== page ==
If possible without calculating: Tell whether the fraction is a lowest terms fraction.

Simplify (or reduce) a fraction by dividing both the *numerator* and the *denominator* by the simplification number.

A lowest terms fraction can not be simplified further.

If you would like to have a vivid explanation with a detailed example, please read the page Simplifying/Reducing Fractions - Learn this magic trick!

**Step 1: Test, if the numerator or the denominator is equal to 1.**

If the numerator or the denominator is equal to 1, the fraction is simplified to lowest terms.

Since this is not the case, go on to the next test:

**Step 2: Test, if the numerator or the denominator is a prime number**

If the numerator or the denominator is a prime number and they are **not multiples**, the fraction is simplified to lowest terms!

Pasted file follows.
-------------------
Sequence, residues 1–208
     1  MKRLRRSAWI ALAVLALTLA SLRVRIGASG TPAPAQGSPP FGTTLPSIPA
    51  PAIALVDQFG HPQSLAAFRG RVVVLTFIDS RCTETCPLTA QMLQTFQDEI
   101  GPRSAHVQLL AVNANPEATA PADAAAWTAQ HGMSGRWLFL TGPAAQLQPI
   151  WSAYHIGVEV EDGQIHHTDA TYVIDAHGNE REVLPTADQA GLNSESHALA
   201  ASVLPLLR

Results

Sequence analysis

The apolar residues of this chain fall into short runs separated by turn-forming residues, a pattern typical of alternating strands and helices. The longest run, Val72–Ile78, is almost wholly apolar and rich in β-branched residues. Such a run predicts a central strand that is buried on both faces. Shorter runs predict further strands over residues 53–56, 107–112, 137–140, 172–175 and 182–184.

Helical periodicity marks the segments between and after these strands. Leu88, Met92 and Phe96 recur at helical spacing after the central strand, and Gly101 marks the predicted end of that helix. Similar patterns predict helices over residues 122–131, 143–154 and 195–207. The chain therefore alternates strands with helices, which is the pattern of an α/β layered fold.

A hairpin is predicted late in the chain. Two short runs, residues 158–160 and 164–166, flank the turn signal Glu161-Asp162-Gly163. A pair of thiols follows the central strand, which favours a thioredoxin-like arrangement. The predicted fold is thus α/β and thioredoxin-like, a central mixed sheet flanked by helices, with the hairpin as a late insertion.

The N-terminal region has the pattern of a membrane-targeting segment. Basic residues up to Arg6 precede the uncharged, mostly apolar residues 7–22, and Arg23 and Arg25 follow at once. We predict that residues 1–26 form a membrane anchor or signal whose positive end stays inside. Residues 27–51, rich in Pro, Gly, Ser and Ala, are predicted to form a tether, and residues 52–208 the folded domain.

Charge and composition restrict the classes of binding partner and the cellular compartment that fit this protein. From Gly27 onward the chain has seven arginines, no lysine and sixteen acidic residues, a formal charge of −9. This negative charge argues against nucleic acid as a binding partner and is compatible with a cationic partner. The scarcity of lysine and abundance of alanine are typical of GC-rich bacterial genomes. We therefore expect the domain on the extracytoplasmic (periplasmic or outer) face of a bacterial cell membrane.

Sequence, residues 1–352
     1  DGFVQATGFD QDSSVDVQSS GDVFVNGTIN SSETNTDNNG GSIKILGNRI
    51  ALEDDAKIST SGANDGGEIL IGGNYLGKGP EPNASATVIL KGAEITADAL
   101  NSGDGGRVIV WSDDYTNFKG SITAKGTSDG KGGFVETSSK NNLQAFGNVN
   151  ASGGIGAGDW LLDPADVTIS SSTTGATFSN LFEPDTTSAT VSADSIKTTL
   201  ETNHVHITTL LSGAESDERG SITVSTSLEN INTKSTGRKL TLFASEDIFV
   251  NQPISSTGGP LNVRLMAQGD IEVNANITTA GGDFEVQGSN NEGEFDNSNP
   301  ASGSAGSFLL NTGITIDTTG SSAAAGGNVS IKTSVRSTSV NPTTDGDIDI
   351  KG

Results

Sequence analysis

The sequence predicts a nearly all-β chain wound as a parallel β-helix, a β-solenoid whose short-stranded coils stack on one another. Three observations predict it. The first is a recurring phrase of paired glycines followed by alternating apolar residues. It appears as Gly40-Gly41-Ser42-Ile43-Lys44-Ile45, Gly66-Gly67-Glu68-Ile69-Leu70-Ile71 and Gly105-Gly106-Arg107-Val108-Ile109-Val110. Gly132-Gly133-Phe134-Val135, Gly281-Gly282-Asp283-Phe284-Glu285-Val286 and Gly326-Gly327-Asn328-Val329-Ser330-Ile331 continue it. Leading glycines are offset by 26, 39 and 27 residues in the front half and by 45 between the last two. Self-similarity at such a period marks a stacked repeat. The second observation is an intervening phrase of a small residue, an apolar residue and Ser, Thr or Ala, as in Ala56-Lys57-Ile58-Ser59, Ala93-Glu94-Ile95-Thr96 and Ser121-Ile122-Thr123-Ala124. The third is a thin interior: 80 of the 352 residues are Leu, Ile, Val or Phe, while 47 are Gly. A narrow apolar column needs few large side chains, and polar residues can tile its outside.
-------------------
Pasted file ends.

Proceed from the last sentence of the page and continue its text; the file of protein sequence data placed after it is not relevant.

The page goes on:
In this case, whether the numerator nor the denominator is a prime number. Go on to the next test:

**Step 3: Test, if the numerator and the denominator both are divisible by 10, 5 or 2**

You can see from the last digit, if a number is divisible by 10, 5 or 2.

The fraction can not be simplified by 10, 5 or 2. Go on to the next test:

**Step 4: Test, if the numerator and the denominator both are divisible by 3 or 9**

Calculate the *cross sum* of the numerator and the cross sum of the denominator:

Numerator: 1 + 8 = 9

Denominator: 1 + 5 = 6

The cross sums are both divisible by 3.

The fraction can be simplified further, namely the number 3.